AUSTIN – The Board of Directors of the Barton Springs/Edwards Aquifer Conservation District (BS/EACD) declared an alarm stage drought for the Barton Springs segment of the Edwards Aquifer.
The declaration is effective immediately, meaning BS/EACD permittees are required to reduce water use 20 percent. Among the permittees are the Cities of Buda and Kyle, along with several private water suppliers outside incorporated areas in southern Travis and northern Hays Counties.
Kyle, a BS/EACD permittee, already has called for Stage II water restrictions, with includes a mandatory schedule limiting lawn watering to twice per week. San Marcos, which is permitted by the Edwards Aquifer Authority (EAA), has implemented Stage I restrictions with a once-per-week watering schedule. Buda, which is a BS/EACD permittee, is certain to implement restrictions.
Though the wettest months for Central Texas historically are May and September, the BS/EACD said dry conditions have persisted since September 2007, with most months’ receiving well below average rainfall totals.
The Manchaca Weather Station, maintained by the BS/EACD, reports a deficit of nearly nine inches of rain so far for 2008. Onion Creek and the other area creeks providing a majority of recharge to the aquifer stopped flowing in September 2007.
The BS/EACD makes drought declarations on the basis of water levels in the Lovelady Indicator Well in South Austin and spring discharge at Barton Springs. Either Barton Springs or the Lovelady Well can trigger a drought declaration.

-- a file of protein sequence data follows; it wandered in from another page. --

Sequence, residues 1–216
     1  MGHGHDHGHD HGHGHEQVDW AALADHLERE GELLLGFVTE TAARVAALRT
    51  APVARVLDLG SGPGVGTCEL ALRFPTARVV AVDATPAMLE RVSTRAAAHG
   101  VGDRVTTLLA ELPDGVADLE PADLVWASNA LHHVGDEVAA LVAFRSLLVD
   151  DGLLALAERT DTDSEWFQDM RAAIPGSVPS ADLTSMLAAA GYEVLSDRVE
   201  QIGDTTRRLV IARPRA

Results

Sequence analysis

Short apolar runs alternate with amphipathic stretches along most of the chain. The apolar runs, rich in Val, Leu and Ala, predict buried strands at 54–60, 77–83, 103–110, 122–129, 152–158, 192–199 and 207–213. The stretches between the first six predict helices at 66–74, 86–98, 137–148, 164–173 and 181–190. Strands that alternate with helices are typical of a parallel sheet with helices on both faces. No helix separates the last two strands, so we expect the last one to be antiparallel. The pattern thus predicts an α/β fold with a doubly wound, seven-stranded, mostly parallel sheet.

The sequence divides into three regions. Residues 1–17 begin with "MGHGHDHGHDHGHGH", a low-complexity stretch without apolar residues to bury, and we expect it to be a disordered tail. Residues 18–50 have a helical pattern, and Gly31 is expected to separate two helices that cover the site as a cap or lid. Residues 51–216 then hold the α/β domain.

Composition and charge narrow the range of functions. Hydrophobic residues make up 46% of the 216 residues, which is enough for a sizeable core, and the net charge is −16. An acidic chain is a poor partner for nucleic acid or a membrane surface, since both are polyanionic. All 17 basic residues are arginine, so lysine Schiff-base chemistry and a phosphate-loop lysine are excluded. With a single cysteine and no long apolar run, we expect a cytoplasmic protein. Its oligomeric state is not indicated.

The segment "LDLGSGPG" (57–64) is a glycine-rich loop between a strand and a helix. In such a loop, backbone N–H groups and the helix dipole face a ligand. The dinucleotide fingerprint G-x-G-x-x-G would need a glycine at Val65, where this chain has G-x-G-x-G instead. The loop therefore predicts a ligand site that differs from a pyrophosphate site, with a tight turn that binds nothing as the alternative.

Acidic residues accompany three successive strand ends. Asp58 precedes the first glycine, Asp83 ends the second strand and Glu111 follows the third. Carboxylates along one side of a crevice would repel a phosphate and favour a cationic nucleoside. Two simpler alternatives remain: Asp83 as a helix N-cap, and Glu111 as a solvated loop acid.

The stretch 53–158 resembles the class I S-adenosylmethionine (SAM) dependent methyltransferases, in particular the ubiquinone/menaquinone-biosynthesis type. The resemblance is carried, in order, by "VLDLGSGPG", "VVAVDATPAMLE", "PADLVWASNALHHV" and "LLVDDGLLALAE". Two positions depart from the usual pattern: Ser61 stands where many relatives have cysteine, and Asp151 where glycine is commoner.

Barton Springs currently has a 10-day average discharge of 29 cubic feet per second (cfs), below its Alarm Stage Drought threshold of 38 cfs. The Lovelady well has a depth to water of 178.8 ft, very close its trigger level of 181.0 feet.
Declaration of an alarm stage drought requires permittees to implement steps in their User Drought Contingency Plans to achieve a mandatory 20 percent reduction in usage. While many of the smaller, individual wells are exempt from BS/EACD permitting, they are equally as vulnerable to falling water levels, according to the BS/EACD, which encourages such users to reduce their use by 20 percent to conserve the resource.
Without concerted attempts to achieve these reductions and without significant rains, water levels will drop further and will lead sooner to more restrictive declarations, the BS/EACD said.
The BS/EACD said its board will continue to monitor groundwater use and aquifer conditions as indicated by its drought triggers and other indicators throughout the drought.
The previous alarm stage drought was declared in January 2006, and it was followed by a critical stage drought declaration in October 2006, which lasted for more than four months.
A list of actions to save water in and around the home or office and the hydrographs for various monitor wells are available on the District’s website at www.bseacd.org.Email | Print